This phenomenon has been heavily discussed in great books like Robert Shiller’s Irrational Exuberance, and can be easily observed by looking at valuations.

For example, the average P/E ratio of the stock market (the S&P 500) has historically been around 15. For the Dow, that number has been around 16.

Investor fear and greed have pushed those P/E’s much higher and lower throughout the years, but averaged over the very long term valuations such as the P/E ratio have settled at certain values.

valuation bubble pop

Generally, investors who’ve purchased stocks below the average P/E have earned excess returns due to a combination of the average long term return average of stocks PLUS the reversion to the mean of valuations.

There are many studies that have provided evidence to this prospect of higher returns (such as this one by Merrill Lynch), and famous investors such as Warren Buffett have been very vocal about how value investing (buying stocks with low valuations) has been a crucial part of their success.

To buy stocks trading at low valuations with a hope that their valuations will revert to the mean, an application of patient investing is paramount.

Investors must trust that stocks with low valuations are by definition “hated” by the market, and come with extra fears and uncertainties because there will be many unbelievers. This will often mean short term volatility and the potential for a stock that continues to drop, but also a nice boost to the price when the valuation reverts.

Combining reversion to the mean (commonly referred to as “buy low”) with the average of stock returns over the long term can lead to outsized returns if applied correctly.

Element #3: Investor Skill

Which leads to the final element of patient investing.

Many investors like to imagine that they can easily achieve higher stock market returns; many people believe they are smart and rational– whether there’s evidence to the contrary or not.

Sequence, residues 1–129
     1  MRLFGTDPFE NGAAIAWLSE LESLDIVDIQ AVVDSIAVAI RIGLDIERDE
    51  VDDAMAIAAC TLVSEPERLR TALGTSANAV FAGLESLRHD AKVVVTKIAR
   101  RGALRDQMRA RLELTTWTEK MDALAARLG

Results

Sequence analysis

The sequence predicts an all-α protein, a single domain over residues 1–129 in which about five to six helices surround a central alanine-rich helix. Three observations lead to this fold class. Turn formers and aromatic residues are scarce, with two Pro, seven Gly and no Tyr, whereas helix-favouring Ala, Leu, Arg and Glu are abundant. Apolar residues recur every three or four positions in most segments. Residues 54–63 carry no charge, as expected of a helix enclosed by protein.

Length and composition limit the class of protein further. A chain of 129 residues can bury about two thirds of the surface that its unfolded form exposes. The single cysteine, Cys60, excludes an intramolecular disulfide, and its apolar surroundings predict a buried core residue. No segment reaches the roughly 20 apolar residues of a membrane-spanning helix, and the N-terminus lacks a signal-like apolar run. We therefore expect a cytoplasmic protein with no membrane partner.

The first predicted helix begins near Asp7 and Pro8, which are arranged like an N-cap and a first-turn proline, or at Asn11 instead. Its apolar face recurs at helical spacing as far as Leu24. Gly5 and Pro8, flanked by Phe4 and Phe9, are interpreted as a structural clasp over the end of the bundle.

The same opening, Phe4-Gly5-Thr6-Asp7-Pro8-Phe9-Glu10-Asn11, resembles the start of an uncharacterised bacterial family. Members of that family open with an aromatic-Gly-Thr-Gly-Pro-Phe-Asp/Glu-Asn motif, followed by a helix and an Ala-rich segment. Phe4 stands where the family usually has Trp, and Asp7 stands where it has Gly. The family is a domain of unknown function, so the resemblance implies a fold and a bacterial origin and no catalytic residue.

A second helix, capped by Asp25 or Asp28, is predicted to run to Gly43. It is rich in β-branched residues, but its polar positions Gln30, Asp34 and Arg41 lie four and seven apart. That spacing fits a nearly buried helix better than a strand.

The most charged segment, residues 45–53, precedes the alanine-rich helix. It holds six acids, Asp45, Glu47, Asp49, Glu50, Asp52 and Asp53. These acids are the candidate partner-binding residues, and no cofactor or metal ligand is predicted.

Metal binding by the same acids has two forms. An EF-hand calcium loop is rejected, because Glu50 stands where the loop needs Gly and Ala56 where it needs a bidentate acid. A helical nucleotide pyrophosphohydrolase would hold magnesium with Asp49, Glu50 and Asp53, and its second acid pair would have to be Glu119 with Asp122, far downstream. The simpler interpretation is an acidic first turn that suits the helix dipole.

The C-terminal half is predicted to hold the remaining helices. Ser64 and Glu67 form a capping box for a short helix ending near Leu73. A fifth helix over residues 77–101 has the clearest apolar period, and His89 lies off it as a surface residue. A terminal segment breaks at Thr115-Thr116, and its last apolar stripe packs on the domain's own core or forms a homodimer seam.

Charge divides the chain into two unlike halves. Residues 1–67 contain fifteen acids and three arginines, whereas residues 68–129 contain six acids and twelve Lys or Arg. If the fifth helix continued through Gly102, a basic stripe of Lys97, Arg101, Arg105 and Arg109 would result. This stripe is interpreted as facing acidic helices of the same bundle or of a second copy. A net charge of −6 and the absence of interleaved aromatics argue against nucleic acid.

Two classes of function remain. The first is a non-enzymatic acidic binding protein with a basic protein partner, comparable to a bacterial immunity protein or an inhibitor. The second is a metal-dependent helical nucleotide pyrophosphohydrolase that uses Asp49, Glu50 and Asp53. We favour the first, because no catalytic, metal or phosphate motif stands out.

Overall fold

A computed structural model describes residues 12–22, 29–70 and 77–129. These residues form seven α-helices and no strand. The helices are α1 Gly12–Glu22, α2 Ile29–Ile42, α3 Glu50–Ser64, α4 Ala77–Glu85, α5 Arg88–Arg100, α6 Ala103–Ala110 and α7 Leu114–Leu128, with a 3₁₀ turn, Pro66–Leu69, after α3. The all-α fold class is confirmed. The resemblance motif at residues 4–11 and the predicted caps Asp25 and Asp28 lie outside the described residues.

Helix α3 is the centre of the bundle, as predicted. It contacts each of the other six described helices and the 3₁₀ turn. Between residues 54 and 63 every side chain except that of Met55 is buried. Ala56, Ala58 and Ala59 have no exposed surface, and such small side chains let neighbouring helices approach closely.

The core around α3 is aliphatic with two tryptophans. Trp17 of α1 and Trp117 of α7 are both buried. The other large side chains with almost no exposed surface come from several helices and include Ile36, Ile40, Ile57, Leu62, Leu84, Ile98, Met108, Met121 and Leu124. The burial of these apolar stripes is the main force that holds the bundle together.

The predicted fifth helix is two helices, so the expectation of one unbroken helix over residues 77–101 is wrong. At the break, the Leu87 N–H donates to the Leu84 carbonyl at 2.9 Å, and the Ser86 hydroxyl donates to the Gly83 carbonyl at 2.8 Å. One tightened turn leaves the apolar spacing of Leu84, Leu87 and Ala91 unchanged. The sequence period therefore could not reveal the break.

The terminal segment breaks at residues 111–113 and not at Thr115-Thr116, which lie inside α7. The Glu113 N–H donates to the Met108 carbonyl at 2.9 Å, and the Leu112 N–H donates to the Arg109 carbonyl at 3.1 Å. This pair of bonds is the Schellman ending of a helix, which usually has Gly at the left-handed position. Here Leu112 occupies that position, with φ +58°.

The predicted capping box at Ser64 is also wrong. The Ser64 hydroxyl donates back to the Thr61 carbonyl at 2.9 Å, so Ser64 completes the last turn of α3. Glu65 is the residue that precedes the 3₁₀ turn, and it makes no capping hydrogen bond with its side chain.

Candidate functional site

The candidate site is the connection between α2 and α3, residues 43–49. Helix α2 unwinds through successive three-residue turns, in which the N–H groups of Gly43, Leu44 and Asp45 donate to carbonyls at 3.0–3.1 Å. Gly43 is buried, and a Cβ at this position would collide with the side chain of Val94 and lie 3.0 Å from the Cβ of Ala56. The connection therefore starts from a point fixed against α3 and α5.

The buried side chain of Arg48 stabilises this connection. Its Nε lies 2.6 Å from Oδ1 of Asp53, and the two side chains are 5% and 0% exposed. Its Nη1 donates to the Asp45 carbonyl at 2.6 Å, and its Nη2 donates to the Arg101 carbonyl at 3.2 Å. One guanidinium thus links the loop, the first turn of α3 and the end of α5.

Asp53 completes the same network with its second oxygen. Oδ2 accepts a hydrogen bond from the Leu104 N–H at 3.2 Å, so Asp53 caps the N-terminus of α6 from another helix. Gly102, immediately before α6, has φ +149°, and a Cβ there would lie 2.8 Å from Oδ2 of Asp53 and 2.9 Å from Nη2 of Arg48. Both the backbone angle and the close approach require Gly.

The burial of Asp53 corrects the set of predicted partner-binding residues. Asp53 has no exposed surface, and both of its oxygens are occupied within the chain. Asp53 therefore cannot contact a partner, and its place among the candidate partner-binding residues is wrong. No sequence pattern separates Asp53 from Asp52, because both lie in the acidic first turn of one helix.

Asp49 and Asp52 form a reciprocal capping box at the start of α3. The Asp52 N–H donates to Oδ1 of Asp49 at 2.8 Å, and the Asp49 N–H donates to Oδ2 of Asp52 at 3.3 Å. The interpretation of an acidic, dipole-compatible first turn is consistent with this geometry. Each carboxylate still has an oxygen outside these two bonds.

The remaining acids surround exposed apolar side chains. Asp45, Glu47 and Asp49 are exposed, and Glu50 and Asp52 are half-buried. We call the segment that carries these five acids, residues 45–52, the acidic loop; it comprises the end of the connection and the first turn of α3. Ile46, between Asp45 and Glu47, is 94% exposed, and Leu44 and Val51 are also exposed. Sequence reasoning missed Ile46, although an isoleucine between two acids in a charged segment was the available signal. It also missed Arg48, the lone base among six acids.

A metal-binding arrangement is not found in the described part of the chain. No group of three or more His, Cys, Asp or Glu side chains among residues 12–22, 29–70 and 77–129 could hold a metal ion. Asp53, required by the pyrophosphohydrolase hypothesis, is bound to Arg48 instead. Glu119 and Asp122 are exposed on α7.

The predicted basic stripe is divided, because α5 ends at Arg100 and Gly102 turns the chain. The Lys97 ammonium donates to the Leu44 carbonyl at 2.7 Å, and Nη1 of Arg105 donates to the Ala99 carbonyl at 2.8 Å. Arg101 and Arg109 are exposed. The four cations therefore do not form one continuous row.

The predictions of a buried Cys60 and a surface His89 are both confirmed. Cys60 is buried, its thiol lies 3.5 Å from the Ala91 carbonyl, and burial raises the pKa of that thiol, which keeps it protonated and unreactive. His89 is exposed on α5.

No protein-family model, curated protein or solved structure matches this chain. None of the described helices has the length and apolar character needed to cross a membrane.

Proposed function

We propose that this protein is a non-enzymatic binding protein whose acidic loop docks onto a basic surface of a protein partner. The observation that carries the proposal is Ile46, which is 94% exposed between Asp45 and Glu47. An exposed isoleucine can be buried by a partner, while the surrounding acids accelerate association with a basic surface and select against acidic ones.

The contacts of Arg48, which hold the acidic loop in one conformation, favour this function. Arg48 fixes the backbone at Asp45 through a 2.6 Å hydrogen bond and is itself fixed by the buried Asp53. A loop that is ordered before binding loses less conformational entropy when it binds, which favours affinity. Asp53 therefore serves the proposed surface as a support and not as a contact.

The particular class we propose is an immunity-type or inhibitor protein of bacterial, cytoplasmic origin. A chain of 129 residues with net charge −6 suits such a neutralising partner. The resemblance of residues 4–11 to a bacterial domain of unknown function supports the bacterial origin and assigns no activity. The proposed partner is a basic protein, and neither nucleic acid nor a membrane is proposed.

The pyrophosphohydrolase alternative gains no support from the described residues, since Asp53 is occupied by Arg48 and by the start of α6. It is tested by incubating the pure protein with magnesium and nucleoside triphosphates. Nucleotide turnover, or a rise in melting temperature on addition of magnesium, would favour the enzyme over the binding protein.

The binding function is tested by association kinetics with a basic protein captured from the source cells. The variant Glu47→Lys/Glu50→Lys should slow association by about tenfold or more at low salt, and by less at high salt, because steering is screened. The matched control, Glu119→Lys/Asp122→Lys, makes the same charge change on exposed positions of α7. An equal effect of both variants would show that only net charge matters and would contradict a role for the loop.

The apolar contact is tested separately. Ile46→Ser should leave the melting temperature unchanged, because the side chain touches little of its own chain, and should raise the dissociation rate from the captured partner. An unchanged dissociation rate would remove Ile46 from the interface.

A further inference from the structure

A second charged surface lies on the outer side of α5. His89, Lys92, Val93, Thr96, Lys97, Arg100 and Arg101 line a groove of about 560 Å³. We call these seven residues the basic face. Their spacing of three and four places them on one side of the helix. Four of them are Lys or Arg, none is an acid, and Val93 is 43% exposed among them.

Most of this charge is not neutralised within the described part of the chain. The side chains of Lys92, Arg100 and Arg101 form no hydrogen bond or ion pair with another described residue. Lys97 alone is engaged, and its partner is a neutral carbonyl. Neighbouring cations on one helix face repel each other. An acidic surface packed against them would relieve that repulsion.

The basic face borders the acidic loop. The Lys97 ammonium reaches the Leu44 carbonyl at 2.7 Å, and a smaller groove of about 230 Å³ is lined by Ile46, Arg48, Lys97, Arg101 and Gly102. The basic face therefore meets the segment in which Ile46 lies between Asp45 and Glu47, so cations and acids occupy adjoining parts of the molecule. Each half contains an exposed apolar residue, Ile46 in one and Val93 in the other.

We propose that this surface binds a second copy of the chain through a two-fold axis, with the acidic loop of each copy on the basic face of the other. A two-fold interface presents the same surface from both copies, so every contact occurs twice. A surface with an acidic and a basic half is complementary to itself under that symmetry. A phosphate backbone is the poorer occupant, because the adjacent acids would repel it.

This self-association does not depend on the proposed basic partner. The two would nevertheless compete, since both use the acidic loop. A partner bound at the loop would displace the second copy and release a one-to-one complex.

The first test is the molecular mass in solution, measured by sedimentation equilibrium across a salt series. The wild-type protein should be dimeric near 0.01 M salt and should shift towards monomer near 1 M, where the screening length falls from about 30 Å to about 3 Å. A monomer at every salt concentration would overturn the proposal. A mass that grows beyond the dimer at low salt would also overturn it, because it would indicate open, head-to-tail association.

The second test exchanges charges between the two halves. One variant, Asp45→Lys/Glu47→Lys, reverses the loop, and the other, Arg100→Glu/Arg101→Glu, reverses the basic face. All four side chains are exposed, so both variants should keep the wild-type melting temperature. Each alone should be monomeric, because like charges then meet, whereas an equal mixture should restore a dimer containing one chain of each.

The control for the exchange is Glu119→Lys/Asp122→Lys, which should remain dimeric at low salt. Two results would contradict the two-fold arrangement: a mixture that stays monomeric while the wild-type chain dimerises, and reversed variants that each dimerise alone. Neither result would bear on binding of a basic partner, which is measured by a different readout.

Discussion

Applying the elements of patience, having the fortitude to hold your stock positions over the long term, and picking enough of the right stocks trading at low valuations is easier said than done.

While we’d like to believe that this is something that can be learned and applied overnight, the reality can be quite harsher. There are few things in life that you can just pick up overnight. Most skills worth learning take a significant time investment.

I’m noticing a 1 year time period for basic competency. But don’t let that discourage you. Here’s why…

Look at some examples that support this claim. I taught myself to play guitar years ago. I’ve noticed that I was able to play many popular guitar riffs after 1 year of regular practice, as reported by this article.

Richard Eng on Quora has talked about how it takes patience and persistence to learn how to code. He stated you can be a “junior programmer” after 1 year of study.

What about learning a spoken language? FSI research indicated about 480 hours required to learn basic fluency in a new (level 1) language, about 1 – 1.5 hours per day for 1 year.

Well that sounds foreboding, right?

Actually it should make you feel better about being a beginner. One of the biggest frustrations I get from beginners is that they feel overwhelmed by all the jargon. They talk about too much information out there. But you can see that it’s not just the stock market that has this difficult learning curve. It seems to be common with many skills.